Guest / Limited Access /

In a recent Supreme Court case, speaking for the 5-4 majority, Justice Anthony Kennedy wrote, "Laws of the kind before us raise the inevitable inference that the disadvantage imposed is born of animosity toward the class of persons affected." Thus the Court declared state laws barring same-sex "marriage" unconstitutional.

Okay, it hasn't happened—yet. But if the words sound familiar, it's because they came from Justice Kennedy's majority opinion in Roemer v. Evans (1996), in which the Court overturned a Colorado referendum barring special civil-rights protections and preferences based on sexual orientation; the Court claimed Colorado voters were biased against homosexuals. While the Supreme Court justices have not yet imposed gay "marriage" on America, decisions like Roemer make it inevitable—which is why the Congress must act swiftly on a constitutional amendment to protect the institution of marriage.

As we write, the Supreme stage is being set. Take the recent California case in which Superior Court Judge Richard Kramer ruled that laws barring gay "marriage" impermissibly deny the constitutional right to equality. That case, or one like it, could soon reach the high court—perhaps an appeal of the Massachusetts decision holding same-sex "marriage" a constitutional right, or a challenge to one of the 38 Defense of Marriage Act statutes enacted across America. It is not a question of if; it is a question of how soon.

At that point, does anyone think that the Supreme Court will not declare gay "marriage" a constitutionally protected right on the very grounds that Kennedy has already used in Roemer? Or, if the justices prefer, they might choose to rely on Kennedy's reasoning in Lawrence v. Texas (2003), which ...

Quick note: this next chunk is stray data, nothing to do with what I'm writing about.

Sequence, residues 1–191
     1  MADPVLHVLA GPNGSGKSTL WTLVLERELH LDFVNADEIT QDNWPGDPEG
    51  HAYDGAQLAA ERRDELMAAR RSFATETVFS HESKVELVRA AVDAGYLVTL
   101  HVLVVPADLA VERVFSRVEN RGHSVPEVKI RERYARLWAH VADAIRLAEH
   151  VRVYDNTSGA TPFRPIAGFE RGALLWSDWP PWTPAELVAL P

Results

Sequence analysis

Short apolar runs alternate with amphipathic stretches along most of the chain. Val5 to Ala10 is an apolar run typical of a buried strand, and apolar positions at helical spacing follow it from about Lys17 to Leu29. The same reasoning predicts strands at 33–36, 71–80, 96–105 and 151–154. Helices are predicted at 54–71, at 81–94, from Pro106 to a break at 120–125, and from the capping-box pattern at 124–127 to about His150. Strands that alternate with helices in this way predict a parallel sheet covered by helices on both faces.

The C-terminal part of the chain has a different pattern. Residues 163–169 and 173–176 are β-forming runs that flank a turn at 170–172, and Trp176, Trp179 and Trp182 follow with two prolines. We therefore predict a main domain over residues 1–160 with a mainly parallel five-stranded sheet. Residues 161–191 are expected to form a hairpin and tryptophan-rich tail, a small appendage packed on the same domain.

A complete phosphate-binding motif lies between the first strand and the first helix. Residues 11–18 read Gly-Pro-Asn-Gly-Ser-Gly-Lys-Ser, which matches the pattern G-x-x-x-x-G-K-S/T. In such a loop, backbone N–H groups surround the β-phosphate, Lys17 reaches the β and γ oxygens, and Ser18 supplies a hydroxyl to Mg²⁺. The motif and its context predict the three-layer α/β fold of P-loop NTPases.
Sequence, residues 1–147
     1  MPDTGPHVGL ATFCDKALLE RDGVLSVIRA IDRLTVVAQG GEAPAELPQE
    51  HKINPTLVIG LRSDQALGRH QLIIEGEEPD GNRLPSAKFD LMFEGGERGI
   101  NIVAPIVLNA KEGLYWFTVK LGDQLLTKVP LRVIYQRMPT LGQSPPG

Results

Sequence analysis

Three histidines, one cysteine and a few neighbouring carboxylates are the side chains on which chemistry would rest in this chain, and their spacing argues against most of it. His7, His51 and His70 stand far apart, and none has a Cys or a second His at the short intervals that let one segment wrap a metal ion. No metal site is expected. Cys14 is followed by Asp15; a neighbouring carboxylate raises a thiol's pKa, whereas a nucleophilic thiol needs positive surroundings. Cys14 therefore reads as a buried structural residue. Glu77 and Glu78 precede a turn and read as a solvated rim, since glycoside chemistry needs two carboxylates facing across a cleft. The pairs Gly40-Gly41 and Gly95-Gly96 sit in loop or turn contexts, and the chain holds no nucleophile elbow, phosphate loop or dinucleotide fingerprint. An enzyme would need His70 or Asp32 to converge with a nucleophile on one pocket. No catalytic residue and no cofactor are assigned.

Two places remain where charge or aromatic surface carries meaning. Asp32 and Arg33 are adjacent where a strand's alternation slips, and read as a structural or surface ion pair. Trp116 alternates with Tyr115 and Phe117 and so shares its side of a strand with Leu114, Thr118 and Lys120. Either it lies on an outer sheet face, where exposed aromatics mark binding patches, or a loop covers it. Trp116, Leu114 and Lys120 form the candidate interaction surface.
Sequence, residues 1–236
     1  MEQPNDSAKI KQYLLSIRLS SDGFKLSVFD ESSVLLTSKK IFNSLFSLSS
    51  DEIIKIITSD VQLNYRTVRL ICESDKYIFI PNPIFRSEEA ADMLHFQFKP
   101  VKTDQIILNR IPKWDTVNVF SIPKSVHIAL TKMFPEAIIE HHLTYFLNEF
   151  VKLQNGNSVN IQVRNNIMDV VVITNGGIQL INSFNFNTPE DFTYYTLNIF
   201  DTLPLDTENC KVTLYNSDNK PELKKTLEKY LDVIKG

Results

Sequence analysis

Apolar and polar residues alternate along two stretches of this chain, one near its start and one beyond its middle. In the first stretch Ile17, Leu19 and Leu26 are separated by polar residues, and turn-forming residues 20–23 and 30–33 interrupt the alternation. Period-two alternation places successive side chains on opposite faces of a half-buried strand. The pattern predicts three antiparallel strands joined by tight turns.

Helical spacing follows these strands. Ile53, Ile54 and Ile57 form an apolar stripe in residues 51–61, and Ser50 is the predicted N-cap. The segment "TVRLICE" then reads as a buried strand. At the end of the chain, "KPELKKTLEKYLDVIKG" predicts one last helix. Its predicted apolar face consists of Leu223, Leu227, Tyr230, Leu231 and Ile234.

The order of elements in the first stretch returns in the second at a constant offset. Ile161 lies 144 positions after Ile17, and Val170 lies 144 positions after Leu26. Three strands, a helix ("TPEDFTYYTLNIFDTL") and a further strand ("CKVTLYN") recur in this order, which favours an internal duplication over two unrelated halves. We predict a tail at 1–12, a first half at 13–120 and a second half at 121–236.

Subscriber access only You have reached the end of this Article Preview

To continue reading, subscribe now. Subscribers have full digital access.

June
More from this IssueJune 2005
Read These NextSee Our Latest
RecommendedWhy Can't Men Be Friends?
Subscriber Access Only Why Can't Men Be Friends?
Men and women alike increasingly say they are lonely. It doesn't have to be this way.
TrendingJames MacDonald Asks Forgiveness for Unbiblical Discipline of Harvest Bible Chapel Elders
James MacDonald Asks Forgiveness for Unbiblical Discipline of Harvest Bible Chapel Elders
Megachurch pastor confesses board slandered three elders as 'false messengers' last year.
Editor's PickStudy: Where Are the Women Leading Evangelical Organizations?
Study: Where Are the Women Leading Evangelical Organizations?
That's the mystery the Gender Parity Project, whose results debut this weekend, sets out to solve.
Comments
Christianity Today
Hitting the Brakes
hide thisJune June

In the Magazine

June 2005

To continue reading, subscribe now for full print and digital access.